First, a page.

Schlagwort-Archive: Word Order

Word Order in English Sentences

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Word Order in Positive and Negative Sentences

subject verbs indirect object direct object place time
I will tell you the story at home in the evening.
I will not tell you the story at home in the evening.

 

Word Order in Subordinate Clauses

(subordinate clause – Glied-, Nebensatz)
Oxford dictionary:

Definition of subordinate clause in English:
A clause, typically introduced by a conjunction, that forms part of and is dependent on a main clause (e.g. ‘when it rang’ in ‘she answered the phone when it rang’).

Grammar about:

A group of words that has both a subject and a verb but (unlike an independent clause) cannot stand alone as a sentence. Also known as a dependent clause. Contrast with coordinate clause.
Subordinate clauses are usually attached to main clauses or embedded in matrix clauses. (See Examples and Observations, below.

conjunction subject verb(s) indirect object direct object place time
I will tell you the story at home in the evening …
because I don’t have time now.

Adverb of Manner, Place and Time

Usually at the end of the sentence:

subject verb(s) indirect object direct object time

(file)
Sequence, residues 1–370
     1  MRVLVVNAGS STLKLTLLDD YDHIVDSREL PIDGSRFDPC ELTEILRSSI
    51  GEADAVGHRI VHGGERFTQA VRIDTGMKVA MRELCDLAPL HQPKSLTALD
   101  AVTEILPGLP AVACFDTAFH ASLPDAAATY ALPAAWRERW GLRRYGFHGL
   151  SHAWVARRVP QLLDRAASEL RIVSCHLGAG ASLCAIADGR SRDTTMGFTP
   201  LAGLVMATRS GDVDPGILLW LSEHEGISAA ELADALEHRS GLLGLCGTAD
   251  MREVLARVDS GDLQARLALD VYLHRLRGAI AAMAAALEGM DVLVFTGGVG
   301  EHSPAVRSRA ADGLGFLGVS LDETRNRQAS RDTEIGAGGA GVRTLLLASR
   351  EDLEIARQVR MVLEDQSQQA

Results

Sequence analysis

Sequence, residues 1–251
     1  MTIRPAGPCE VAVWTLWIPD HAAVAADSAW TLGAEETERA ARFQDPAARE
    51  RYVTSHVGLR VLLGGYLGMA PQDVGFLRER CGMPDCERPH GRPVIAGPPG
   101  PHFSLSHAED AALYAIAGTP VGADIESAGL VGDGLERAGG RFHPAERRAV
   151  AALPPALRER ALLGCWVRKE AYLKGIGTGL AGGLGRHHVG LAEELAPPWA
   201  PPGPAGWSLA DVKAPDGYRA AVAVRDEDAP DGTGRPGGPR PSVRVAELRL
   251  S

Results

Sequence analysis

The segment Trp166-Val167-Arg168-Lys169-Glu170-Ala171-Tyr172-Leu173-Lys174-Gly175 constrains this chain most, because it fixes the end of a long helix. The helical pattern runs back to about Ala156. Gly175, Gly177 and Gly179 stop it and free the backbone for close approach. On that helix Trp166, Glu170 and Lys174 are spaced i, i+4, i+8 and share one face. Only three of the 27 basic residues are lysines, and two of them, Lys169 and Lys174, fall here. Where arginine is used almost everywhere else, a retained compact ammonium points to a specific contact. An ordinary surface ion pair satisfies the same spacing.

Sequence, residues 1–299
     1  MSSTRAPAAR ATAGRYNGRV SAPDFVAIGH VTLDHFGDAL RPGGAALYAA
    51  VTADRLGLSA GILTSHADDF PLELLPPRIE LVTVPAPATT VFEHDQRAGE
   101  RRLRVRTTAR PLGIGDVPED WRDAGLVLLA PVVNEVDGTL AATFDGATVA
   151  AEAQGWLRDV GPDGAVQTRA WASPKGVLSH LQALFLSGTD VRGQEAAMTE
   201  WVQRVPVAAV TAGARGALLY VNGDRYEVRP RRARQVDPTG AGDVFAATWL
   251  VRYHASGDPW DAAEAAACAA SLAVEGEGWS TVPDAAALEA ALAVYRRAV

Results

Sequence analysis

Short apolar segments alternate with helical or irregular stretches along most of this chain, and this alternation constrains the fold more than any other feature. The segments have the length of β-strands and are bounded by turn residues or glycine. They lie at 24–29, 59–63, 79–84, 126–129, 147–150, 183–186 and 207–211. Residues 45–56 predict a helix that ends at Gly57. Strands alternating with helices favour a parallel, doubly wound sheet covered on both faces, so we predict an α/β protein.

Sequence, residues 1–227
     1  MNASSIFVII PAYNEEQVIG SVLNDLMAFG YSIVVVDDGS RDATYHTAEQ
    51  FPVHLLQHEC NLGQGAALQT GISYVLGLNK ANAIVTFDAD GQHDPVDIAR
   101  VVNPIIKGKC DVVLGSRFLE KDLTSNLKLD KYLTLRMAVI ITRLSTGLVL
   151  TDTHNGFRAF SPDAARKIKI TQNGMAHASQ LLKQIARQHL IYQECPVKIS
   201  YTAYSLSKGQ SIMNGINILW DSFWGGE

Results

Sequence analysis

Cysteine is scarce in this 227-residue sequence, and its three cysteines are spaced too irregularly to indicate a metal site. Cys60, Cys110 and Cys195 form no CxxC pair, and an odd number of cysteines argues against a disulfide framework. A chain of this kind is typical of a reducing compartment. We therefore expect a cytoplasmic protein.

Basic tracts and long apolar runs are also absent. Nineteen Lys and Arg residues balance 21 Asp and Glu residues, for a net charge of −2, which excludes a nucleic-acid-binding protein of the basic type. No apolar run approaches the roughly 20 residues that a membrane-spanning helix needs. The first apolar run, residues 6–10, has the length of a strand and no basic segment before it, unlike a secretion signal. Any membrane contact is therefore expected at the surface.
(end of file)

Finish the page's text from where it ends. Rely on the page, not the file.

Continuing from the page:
I will tell you the story tomorrow.

Or at the beginning, if you don’t want to put emphasis on the time:

time subject verb(s) indirect object direct object
Tomorrow I will tell you the story.

Adverbs of Frequency

Adverbs of frequency are put directly before the main verb. If ‚be‘ is the main verb and there is no auxiliary verb, adverbs of frequency are put behind ‚be‘. Is there an auxiliary verb, however, adverbs of frequency are put before ‚be‘.

subject auxiliary/be adverb main verb object, place or time
I often go swimming in the evenings.
He doesn’t always play tennis.
We are usually here in summer.
I have never been abroad.

Word Order in Questions

In questions, the word order is the same as in affirmative sentences, but you have to put the auxiliary verb or the main verb “be”, before the subject. Interrogatives are put at the beginning of the sentences:

interrogative auxiliary verb subject other verbs indirect object direct object place time
What would you like to tell me
Did you have a party in your flat yesterday?
When were you here?
interrogative verb(s) object
Who asked you?

 
Article on basis of Word Order in English Sentences (ego4u.com).
YouTube Playlist „Sentences and Word Order“:

 

Weblinks:
Word Order in English Sentences
Word order and sentence structure in English
subordinate clause
The Subordinate Clause
Expressions of place and time in sentences – Word order


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